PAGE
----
By Gary Laderman
Picture yourself on a train in a station,
With plasticine porters with looking glass ties.
Suddenly someone is there at the turnstile,
The girl with kaleidoscope eyes.
Beatles, “Lucy in the Sky with Diamonds” (1967)
When I was 17 I dropped my first tab of acid. A friend and I excused ourselves from school, drove to Chatsworth Park in the San Fernando Valley, and tripped for about seven hours. The experience was breathtaking, to say the least: the blue sky and clouds took on geometric shapes and impossible proportions; when I waved my hand in front of my face it left multicolored trails and incandescent traces that confounded my sense of bodily space; I was overcome with a strange and powerful love for all of humanity that seemed to be personally exhilarating and cosmically liberating at the same time; and an indescribable awareness of inner light and profound insight overwhelmed my consciousness that was as mystical as it was psychologically illuminating.
The year was 1979, way beyond the psychedelic and tumultuous decade of the 1960s often associated with drug experimentation and mind-expanding possibilities with altered states of consciousness. But it is a fitting anecdote to begin this essay for one specific reason: it was through the ingestion of LSD that I came to understand the utility and value of the word “spirituality.” Previous to this experience the only thing I knew about religion was based entirely on the many years of Sunday school and endless hours of Hebrew school at my reform Jewish temple in preparation for my Bar Mitzvah several years earlier. What I experienced under the influence was nothing like religion as I knew it, and while I had heard the word “spirituality” used occasionally over the years, I had no idea what it referred to until my psychedelic trip in Chatsworth Park. After that day the meaning of the word spirituality became crystal clear to me and I began to use it more frequently in my own speech and imagination to identify perspectives and experiences that were decidedly not about religion, and most assuredly about sacred insights, expansive consciousness, transcendence of the body, and inner knowledge.
The point I would like to make here—and in an effort now to shift the narrative from personal confessional to cultural analysis—is that LSD contributed to a society-wide awareness of spirituality as a viable and meaningful alternative to institutional religion. LSD was itself a trip through categorical space, a tab that transitioned a tripping public from one idea of experience to another, from an idea of religion to one of spirituality. Even with the obvious dangers and bad trips associated with LSD, use of this drug and the public commentary about it provided Americans with a vocabulary to describe personal religious experiences utterly disconnected from conventional language used to identify the sacred, and not quite tethered to but not completely separated from the deep-rooted histories of spirituality provided by Leigh Schmidt in Restless Souls and Catherine Albanese in A Republic of Mind and Spirit.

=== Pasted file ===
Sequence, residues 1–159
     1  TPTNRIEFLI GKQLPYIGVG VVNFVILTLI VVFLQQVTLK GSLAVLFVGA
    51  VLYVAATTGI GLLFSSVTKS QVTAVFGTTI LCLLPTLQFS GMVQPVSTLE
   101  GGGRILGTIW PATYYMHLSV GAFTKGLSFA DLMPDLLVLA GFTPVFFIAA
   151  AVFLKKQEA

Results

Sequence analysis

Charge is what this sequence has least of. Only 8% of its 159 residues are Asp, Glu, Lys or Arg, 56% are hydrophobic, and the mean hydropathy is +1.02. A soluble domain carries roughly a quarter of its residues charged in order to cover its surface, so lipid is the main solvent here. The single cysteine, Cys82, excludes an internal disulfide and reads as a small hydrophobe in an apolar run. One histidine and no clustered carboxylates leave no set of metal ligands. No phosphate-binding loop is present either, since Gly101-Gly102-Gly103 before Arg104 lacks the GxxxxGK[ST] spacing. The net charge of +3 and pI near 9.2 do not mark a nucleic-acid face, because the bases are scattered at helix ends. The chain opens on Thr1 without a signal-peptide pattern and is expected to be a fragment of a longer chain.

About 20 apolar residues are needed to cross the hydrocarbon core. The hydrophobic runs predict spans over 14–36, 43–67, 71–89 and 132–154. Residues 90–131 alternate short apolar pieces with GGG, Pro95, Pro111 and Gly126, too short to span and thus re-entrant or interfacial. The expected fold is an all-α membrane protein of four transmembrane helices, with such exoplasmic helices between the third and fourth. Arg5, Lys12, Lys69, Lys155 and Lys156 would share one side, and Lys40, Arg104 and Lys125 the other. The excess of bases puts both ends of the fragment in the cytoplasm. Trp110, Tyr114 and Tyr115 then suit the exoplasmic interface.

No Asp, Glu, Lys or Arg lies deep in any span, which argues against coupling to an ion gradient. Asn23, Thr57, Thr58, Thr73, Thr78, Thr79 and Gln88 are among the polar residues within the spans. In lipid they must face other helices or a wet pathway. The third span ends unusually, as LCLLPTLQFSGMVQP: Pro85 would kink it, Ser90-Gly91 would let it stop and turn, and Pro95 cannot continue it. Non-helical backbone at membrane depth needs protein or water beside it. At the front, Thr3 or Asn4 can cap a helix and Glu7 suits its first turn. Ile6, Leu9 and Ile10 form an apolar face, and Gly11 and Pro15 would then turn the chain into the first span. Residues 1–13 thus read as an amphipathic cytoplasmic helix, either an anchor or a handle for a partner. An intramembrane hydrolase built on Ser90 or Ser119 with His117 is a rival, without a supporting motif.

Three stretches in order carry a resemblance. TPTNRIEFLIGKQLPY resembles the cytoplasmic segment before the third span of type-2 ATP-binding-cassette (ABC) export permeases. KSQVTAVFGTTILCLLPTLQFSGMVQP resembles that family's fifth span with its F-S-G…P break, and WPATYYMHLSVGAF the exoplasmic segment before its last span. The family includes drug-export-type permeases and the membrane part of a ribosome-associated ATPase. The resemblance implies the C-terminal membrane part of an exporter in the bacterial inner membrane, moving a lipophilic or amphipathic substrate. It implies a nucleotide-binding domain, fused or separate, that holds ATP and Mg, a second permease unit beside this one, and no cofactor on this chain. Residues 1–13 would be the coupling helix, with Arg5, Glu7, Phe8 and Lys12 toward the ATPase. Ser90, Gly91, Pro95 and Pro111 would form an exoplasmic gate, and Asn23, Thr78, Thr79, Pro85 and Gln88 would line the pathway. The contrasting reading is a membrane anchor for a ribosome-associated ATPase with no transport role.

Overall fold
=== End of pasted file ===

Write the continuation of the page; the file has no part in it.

In the late 1960s and through the 1970s, LSD was, for many, a potent manufactured sacrament that unlocked the doors of perception in an American culture imprisoned by theological conformity, blew open the boundaries of religious experience hemmed in by doctrine and narrow ideas about social propriety, and legitimated popular cultural transformations that idealized notions of inner truth, self-seeking personal illumination, and consciousness expansion. In other words, experiences with LSD and the publicity surrounding them gave shape and content to modern understandings of spirituality.